27 November 2008

orbis pro vox doesn't mean anything

The plot of last night's episode of Pushing Daisies featured a secret society of bellmen dedicated to helping the poor. Their motto, "Ring for Right", is their rallying call; they ring their bells in fundraising campaigns, to do the right thing.

The motto also appears in the story in a supposedly Latin form, Orbis pro vox. This makes for a great story, since secret societies are always more nefarious when they have mottos in ancient languages. Of course, this is a brutal mistranslation ... I was tipped off by the appearance of nominative vox instead of ablative voce, which would be required by the pronoun pro.

Probably the show's writers tried online translators to get a Latin rendition of "ring for right". These translators give only orbis for "ring", without explaining that this is limited to the notion of a physical circle. orbis means globe, sphere, circle, or ring.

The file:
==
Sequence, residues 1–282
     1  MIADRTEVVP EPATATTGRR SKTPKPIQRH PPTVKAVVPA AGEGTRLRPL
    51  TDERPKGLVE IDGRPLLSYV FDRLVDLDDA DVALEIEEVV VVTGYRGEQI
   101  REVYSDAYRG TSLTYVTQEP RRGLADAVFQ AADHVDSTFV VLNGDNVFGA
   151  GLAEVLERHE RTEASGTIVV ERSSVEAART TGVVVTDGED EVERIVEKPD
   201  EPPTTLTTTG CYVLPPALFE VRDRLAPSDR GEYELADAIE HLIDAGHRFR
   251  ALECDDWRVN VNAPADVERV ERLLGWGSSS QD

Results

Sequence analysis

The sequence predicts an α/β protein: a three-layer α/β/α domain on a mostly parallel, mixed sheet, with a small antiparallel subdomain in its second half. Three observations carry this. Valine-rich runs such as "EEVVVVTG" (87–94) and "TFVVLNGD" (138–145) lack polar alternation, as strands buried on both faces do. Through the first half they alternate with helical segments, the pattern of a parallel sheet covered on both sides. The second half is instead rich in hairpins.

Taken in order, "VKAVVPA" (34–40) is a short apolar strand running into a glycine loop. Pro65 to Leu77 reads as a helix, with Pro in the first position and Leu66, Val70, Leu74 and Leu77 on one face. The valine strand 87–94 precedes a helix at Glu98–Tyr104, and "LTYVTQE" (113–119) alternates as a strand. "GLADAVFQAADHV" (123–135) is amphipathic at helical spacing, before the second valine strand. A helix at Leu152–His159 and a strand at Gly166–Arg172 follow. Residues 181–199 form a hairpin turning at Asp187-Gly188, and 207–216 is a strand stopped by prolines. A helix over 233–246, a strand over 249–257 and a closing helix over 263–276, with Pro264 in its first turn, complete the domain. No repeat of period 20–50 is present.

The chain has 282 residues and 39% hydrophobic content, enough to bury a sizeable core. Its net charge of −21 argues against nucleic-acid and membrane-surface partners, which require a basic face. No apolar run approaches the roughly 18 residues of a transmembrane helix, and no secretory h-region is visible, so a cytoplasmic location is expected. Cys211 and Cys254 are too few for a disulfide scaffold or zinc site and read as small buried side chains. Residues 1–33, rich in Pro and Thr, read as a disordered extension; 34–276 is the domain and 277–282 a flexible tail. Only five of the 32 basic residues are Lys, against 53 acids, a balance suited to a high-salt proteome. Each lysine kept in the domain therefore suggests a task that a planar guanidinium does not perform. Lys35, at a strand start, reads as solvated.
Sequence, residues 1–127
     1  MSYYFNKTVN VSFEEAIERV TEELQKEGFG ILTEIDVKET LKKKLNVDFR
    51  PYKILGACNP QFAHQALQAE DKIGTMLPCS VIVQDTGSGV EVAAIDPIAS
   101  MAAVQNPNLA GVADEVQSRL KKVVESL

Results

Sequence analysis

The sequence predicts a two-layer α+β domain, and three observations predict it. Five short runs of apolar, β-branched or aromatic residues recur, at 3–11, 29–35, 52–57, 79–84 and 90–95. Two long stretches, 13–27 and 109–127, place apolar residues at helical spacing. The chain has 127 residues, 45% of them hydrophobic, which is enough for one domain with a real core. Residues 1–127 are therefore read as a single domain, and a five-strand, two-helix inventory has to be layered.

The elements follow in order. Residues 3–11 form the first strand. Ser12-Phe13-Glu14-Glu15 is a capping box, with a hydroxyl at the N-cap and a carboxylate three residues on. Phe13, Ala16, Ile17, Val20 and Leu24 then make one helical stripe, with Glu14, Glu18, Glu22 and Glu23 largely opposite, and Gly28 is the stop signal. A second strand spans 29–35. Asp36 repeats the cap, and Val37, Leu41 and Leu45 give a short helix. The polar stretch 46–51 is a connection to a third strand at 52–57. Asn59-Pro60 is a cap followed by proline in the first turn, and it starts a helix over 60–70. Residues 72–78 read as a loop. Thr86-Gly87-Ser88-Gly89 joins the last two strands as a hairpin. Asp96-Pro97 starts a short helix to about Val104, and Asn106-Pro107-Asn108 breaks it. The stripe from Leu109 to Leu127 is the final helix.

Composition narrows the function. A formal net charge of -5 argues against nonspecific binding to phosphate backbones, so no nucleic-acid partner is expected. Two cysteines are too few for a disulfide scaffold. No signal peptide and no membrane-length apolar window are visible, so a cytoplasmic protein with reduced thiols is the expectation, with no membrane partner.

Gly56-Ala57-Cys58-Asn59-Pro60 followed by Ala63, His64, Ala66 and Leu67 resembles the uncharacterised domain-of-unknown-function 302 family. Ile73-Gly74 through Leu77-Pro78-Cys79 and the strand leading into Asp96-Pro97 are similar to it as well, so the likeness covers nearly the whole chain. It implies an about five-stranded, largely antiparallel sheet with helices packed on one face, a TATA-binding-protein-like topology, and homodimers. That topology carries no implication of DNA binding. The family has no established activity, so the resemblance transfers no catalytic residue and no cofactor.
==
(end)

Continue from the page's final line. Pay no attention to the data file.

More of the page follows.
"for" is well translated: pro means for. It is a preposition in Latin, as for is in English.

"Right" is mistranslated, as vox means "voice" or "cry". There apparently is also a phrase vox vocis which has more to do with right as in "power" or "authority" rather than the "right" (i.e. correct or appropriate) thing to do.
Given a list of translations of different senses of the word, they probably settled on vox vocis, thinking vox would be sufficient, and that of the Latin words meant the same kind of "right". A better word for the "right" they wanted in the episode would be iustus "justice" or rectum - literal "right" as in straight.

In short, this is sheer laziness. Does the world suffer because of this corner-cutting? No. But this show has a decent production budget - could they not put a little more effort into this, like call someone who took Latin in school? It's just indicative of the profoundly ungrounded confidence we sometimes have in linguistic matters.